If we're being completely honest, Tobe Hooper mostly made bad movies. Sure, Texas Chain Saw ('74) is an utter landmark in both genre and cinema in genral, and he'd occassionally show up to deliver something akin to a competent motion picture thereafter (I'm looking at you, Salem's Lot ['79]), but the majority of his output hovered somewhere between "bugnuts oddity" and "morbid curiosity" (and this is coming from someone who considers himself a Hooper die hard). That doesn't diminish his movies' value, mind you; especially when discussing how they represented an outsider perspective attempting to worm its way into an established, elite community (via a filmography comprised of what many critics would deem "disreputable" art). However, they're often very shoddily composed and constructed, their jangly nature only adding to the uneasy feeling that you're watching something from a diseased mind, utterly distrustful of American authority.
Spontaneous Combustion ('90) perfectly exemplifies Hooper's continuous side-eyeing of United States institutions, presenting us with two human guinea pigs (Brian Bremer and Stacy Edwards), who are holed up at the hydrogen bomb testing site in '55, having a nuke dropped straight above their underground dwelling. They survive and produce a child, before simultaneously exploding into flames - 6,000 degrees Centigrade, scorching their fleshy figures into nothing more than charred ash. America's first "Nuclear Family" goes up in smoke, clutching each other, while their baby is handed off to project leader Lew Orlander (William Prince), who's instructed to monitor the child's "potential". Little do they know, he'll grow up to be a foppish college professor (portrayed by Brad Dourif, showcasing some full blown Mega Acting) who suffers from migraines, a constantly feverish body temperature, and has seen every person who's ever crossed him mysteriously explode into fireballs. He's Carrie White, born of atomic panic; a roving creation of America's need to defend itself via the utter destruction of its enemies.
Spontaneous Combustion was Hooper's first theatrical feature after his disastrous three-picture stint with Cannon Films (which produced some of his most insanely enjoyable output - Lifeforce ('85), Invaders From Mars ('85), and The Texas Chainsaw Massacre 2 ('86) . All three of those films lost money for the already flailing B-Movie house, and Hooper found himself out of work for the latter half of the 80s. Like his Cannon output, Spontaneous Combustion had a fairly healthy budget ($5.5 million), and flopped incredibly hard. It grossed a mere $50,000 in its limited run, and Hooper had to head overseas in order to get his next two movies made (Night Terrors ['92] and The Mangler ['95]), while pal John Carpenter threw him a bone, hiring him to helm a segment of his anthology series Body Bags ('93) in the interim (which was then cut into a one-and-done Cable Movie). After years of substance abuse and getting fired from multiple jobs (not to mention Steven Spielberg directing Poltergeist ['82] and still allowing him to retain credit), Hooper found himself in a rut that may have been his very worst.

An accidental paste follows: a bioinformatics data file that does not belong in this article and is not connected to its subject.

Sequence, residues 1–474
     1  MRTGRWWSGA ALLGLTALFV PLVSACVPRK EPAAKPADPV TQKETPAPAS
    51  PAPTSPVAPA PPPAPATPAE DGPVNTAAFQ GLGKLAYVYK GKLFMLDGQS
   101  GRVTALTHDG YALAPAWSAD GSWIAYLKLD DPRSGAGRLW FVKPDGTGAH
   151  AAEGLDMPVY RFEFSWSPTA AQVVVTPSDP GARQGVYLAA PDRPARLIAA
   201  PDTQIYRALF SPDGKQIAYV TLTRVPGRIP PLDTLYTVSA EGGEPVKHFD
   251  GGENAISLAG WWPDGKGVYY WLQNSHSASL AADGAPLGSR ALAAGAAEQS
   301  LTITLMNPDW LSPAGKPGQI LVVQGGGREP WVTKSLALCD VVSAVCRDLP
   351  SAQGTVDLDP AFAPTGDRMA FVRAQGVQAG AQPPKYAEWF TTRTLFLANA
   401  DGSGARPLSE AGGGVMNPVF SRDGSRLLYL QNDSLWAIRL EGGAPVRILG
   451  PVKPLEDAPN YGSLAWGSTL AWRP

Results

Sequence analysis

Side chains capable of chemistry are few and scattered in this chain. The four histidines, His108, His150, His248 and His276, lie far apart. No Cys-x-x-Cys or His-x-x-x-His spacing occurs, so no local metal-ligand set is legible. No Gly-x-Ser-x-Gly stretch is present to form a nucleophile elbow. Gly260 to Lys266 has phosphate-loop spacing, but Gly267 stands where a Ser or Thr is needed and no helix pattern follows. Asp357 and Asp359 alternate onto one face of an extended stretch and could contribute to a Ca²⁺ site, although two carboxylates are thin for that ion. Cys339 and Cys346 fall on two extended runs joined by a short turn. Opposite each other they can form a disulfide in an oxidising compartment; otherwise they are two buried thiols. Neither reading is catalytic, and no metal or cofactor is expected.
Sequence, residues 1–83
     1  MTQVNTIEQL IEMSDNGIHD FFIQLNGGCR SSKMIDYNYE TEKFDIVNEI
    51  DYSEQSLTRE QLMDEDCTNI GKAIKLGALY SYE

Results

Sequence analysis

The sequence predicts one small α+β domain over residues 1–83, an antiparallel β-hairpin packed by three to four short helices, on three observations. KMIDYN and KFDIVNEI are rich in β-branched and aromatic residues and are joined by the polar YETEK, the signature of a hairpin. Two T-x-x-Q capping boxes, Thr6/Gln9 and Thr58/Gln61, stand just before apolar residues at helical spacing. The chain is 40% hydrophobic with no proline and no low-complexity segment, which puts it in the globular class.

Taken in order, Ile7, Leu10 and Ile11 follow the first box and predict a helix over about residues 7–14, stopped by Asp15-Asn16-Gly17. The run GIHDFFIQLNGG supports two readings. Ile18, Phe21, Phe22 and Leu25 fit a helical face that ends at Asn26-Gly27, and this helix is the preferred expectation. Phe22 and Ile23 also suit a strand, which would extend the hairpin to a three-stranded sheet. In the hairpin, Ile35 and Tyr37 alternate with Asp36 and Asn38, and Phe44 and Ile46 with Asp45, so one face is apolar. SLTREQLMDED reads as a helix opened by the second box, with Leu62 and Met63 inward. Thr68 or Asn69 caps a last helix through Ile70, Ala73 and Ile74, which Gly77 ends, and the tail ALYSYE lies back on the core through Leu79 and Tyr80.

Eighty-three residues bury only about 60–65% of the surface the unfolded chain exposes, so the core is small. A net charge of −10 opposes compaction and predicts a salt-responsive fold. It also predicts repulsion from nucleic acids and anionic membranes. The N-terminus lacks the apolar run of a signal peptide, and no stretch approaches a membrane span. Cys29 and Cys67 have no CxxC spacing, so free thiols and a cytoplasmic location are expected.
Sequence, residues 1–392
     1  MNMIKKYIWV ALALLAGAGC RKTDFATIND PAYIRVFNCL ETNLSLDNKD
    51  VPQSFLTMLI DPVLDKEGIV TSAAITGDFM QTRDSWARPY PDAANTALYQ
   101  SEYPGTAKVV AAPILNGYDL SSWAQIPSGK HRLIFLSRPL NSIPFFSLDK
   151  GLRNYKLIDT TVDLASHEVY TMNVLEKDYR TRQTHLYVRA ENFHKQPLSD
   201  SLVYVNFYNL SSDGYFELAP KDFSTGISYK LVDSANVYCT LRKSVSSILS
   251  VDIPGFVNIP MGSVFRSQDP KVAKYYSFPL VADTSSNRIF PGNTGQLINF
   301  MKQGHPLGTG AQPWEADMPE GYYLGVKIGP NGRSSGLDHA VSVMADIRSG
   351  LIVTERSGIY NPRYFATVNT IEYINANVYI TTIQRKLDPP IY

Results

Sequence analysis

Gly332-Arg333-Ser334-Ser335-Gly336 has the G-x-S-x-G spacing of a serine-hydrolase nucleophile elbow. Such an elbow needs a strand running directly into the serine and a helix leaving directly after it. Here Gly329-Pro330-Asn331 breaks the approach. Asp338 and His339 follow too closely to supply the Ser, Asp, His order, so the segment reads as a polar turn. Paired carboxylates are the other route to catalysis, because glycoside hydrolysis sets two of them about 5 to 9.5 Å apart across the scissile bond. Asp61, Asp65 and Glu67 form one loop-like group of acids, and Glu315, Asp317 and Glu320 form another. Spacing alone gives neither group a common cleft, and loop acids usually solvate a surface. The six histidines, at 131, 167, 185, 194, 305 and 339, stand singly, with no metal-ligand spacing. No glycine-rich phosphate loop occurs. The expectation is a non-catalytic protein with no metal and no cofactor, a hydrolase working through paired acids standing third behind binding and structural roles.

That's not to say there isn't some intriguing charm to Hooper's nuclear psychic meltdown, as Dourif crafts the character into a post-Cold War super villain, who's able to completely annihilate his opponents. This is demonstrated best in a rather goofy scene, where our man of pyrotechnic rage scorches a telephone operator (played with bearded gusto by none other than John Landis):
Like a solid section of Hooper's filmography, Spontaneous Combustion is not technically "good", but certainly channels a hyper-specific brand of paranoia, that's been bred since his days making outsider hippie art such as Eggshells ('69). Now that he's gone, we've lost a genuine cinematic link to a generation that carried an almost innate distate for the power structures in the US, and filtered their own aching agonies into unique works of trash art.